The Vancouver Art Gallery in Vancouver, Canada, is hosting its biggest ever exhibition, “MashUp: The Birth of Modern Culture,” occupying all four floors of the museum. Taking the mixed media collages of Pablo Picasso, Georges Braque and Juan Gris as its starting point, the exhibit traces the development of 20th and 21st century art as it more and more incorporates a combination of genres that provides a new perspective on and way of experiencing reality.
The show begins on the fourth floor with the 19th century invention of photography and the subsequent collages of photos and water color sketches made by Victorian women, followed by those twentieth century collages by Picasso and company, as well as Kurt Schwitters’ incorporation of everyday trash into his art, Hannah Hoch’s mixed media pieces commenting on the situation of women, and those of John Heartfield criticizing Hitler. One room houses replicas of the machines Luigi Russolo constructed for “modern noise music” while another holds the urinal that Marcel DuChamp named “Fountain,” thus making the everyday into art just by presenting it as such.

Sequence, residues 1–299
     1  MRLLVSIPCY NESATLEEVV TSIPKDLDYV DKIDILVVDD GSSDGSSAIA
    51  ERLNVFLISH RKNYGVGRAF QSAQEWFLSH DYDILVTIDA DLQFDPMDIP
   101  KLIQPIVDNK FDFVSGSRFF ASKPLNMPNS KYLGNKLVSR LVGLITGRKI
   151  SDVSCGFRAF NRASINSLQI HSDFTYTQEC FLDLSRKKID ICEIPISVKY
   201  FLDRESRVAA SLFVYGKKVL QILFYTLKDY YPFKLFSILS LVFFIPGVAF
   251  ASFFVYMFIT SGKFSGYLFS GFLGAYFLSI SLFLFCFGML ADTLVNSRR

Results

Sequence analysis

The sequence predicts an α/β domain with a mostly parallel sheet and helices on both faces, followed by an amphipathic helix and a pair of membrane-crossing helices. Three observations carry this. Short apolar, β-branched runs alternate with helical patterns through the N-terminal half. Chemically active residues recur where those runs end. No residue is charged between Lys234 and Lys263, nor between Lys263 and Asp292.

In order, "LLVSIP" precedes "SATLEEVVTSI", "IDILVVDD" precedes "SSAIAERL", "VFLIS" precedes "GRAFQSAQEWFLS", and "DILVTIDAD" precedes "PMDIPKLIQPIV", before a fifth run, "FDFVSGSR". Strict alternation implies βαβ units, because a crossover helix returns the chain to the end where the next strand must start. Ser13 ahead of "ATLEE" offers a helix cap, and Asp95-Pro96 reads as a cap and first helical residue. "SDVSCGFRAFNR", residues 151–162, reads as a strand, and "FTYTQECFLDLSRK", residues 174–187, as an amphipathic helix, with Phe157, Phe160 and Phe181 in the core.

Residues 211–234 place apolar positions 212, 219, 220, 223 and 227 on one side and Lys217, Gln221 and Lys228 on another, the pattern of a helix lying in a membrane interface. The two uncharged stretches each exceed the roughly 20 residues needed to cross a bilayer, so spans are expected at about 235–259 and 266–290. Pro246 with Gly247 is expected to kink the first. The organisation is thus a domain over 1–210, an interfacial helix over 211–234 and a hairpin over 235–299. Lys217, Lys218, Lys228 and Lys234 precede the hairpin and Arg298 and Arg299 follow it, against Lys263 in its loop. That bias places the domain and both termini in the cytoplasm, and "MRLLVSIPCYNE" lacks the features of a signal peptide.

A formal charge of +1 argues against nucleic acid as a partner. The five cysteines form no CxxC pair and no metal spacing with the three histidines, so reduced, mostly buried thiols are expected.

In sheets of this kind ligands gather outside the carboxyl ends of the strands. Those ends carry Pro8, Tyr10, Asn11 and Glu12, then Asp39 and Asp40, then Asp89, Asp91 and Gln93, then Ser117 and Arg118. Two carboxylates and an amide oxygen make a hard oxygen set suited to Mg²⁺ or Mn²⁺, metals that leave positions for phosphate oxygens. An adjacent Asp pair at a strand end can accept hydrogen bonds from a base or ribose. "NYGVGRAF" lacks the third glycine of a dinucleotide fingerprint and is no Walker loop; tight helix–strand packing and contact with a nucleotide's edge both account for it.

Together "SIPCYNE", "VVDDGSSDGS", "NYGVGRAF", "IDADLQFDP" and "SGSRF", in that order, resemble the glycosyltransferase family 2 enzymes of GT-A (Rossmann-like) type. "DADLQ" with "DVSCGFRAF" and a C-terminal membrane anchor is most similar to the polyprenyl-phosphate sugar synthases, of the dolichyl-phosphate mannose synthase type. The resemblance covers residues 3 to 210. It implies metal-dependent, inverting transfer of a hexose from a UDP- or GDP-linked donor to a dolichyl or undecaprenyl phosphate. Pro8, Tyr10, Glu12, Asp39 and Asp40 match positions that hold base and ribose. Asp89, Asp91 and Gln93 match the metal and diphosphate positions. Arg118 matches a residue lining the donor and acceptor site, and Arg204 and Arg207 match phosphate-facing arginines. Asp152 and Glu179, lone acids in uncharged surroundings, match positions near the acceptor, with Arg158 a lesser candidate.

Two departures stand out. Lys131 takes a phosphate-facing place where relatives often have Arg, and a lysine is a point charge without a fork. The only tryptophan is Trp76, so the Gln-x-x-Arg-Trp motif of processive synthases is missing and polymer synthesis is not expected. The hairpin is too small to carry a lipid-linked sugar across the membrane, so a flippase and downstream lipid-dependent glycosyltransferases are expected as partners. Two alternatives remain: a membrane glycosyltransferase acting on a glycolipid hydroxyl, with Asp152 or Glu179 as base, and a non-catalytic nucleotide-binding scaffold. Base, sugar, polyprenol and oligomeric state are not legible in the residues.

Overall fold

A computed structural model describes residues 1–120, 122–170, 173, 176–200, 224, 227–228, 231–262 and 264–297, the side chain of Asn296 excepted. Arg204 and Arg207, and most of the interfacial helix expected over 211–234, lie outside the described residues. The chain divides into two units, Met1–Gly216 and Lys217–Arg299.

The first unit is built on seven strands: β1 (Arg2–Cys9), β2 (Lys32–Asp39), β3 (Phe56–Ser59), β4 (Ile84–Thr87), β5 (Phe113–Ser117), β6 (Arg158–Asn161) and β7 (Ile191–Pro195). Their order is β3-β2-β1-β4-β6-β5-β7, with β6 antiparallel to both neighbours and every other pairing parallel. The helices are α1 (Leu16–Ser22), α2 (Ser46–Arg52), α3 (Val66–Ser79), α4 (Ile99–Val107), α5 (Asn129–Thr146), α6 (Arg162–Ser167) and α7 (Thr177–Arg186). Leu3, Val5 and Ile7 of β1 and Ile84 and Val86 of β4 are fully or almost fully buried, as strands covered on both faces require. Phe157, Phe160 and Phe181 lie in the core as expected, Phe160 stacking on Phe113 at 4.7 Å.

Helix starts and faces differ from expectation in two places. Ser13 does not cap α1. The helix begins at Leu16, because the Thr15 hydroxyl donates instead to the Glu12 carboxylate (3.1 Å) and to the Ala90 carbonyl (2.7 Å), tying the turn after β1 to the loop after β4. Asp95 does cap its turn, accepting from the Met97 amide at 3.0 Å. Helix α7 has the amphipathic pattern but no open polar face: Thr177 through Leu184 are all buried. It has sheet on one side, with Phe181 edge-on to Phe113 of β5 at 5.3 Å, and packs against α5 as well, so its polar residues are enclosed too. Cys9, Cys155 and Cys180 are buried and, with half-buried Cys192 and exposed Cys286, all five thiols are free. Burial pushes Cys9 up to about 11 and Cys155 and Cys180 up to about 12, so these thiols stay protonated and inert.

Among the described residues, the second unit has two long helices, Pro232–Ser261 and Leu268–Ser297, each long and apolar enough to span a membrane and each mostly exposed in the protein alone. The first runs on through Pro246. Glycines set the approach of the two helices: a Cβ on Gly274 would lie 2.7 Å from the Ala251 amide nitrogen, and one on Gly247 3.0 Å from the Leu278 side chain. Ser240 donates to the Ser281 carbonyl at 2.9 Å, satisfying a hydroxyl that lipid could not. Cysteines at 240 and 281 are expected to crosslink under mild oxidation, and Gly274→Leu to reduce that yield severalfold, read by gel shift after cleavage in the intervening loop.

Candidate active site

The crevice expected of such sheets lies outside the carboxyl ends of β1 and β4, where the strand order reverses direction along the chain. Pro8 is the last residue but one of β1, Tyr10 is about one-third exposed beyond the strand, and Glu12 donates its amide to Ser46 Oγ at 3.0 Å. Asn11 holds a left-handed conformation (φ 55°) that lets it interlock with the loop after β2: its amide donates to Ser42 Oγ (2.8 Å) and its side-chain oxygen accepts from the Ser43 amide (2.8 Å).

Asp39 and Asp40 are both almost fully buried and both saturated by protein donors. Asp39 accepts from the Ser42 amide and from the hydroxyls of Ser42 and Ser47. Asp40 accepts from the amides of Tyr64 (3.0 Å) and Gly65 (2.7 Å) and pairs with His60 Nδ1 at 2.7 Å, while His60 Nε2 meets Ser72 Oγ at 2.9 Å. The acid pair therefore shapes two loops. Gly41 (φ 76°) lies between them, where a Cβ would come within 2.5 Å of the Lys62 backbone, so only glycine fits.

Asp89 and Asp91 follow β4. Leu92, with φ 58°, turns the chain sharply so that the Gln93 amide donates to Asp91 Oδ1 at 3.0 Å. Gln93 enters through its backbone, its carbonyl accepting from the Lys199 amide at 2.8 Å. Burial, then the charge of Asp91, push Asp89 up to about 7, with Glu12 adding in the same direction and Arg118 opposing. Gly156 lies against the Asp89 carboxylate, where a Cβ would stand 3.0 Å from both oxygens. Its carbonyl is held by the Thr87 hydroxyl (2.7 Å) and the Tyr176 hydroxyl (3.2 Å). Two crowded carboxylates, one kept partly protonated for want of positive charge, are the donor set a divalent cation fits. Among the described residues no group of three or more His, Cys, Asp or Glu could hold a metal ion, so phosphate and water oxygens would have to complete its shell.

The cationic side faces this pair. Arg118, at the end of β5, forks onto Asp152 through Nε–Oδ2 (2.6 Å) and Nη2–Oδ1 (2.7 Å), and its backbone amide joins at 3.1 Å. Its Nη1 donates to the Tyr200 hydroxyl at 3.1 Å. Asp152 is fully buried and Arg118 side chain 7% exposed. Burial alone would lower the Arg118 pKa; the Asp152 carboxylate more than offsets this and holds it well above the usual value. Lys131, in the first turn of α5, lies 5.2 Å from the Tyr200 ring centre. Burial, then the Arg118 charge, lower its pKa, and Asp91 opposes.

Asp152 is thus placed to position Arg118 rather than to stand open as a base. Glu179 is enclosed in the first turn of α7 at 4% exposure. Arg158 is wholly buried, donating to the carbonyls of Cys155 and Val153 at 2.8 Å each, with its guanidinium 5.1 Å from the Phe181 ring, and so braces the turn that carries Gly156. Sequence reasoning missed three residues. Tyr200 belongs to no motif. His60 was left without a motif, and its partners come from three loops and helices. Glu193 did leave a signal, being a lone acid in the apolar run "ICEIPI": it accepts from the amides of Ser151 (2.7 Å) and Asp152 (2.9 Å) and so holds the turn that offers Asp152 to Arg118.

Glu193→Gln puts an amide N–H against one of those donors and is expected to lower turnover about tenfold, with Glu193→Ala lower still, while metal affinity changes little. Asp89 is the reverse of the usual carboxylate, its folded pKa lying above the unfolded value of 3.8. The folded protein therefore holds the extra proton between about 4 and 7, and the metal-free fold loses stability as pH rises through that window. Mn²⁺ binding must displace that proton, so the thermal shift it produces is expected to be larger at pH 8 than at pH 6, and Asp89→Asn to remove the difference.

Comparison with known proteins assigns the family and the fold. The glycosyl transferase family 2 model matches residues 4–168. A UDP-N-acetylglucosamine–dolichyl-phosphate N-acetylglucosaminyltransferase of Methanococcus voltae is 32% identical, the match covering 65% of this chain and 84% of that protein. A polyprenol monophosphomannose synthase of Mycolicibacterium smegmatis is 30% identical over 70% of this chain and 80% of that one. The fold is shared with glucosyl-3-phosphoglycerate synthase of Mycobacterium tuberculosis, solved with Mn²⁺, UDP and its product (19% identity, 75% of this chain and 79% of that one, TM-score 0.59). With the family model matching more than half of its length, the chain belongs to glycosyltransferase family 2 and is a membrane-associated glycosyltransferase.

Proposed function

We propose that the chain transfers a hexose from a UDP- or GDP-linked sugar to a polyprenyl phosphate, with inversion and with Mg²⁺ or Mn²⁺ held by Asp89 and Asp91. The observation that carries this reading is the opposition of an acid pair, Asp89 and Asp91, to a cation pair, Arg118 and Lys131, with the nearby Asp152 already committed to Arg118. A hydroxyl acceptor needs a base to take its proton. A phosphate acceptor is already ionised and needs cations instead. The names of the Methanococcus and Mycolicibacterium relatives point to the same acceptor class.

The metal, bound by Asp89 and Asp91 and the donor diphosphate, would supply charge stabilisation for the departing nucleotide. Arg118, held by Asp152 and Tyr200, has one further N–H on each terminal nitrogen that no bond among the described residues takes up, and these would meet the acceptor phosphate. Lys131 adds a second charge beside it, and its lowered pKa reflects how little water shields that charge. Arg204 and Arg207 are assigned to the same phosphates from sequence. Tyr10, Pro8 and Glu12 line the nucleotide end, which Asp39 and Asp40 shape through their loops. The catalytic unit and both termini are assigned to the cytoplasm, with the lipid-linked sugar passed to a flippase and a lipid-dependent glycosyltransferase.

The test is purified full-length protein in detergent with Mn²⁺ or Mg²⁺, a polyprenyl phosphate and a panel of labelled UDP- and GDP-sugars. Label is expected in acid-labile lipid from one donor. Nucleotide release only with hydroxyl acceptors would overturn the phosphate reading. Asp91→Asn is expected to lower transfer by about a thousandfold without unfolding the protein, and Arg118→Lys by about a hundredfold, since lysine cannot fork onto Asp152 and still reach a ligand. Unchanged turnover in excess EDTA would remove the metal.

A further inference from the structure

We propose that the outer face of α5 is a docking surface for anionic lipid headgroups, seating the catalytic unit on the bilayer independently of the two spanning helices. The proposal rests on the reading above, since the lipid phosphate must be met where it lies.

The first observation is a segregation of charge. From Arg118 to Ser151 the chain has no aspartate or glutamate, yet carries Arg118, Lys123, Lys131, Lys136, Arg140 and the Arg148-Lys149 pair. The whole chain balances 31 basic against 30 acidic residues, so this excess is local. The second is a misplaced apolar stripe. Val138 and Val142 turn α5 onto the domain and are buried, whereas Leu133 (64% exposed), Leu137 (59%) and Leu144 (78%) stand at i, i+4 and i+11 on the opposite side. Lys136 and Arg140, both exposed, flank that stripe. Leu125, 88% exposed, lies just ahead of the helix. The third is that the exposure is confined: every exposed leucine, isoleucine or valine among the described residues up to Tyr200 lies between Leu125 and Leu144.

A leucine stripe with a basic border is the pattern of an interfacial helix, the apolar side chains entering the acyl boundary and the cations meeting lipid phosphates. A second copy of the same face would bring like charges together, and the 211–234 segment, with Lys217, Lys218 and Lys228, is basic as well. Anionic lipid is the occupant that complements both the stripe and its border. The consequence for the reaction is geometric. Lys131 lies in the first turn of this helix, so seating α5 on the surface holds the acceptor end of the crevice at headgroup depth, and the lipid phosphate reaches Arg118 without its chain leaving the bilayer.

The third floor looks at post World War II innovations from the French New Wave cinema of Jean Luc Godard to Andy Warhol’s repetitions with variation of portraits of Mao and Monroe. Here you’ll find work by familiar artists such as Merce Cunnigham, John Cage, Trisha Brown, and architect Frank Gehry. But you’ll also find an area devoted to the Jamaican born music art of dubbing, including a recording studio with King Tubby’s mixing desk. Related to that DJ art is George Barber’s “scratch video” which applies a similar technique to the manipulation of “found” TV and video footage.
The second and first floor look at splicing, sampling, hacking, and remixing as the 20th century morphs into the 21st. One of the most interesting is “Telephones” by Christian Marclay–a montage of moments from movies where characters interact with telephone communication hesitantly, forcefully, tragically, joyfully. Here Brian Jungens takes aspects of a Nike sneaker and incorporates them into traditional tribal masks, while Cory Arcangel edits about 170 YouTube vidoes of cats playing piano and sets those images to Arnold Schoenberg’s “famously dissonant” 1907 composition. Here are also photos of drag performers parodying Hollywood divas and Ellen Gallagher’s “yellow grid collages” which take ads from African American style magazines and embellish them with her plasticine comments on cultural identity, turning hair styles into helmets, pharoah’s crowns and prehistoric specimens.
The exhibit concludes with a look into the future of what such mixed genre adventures may hold. It continues through June 12.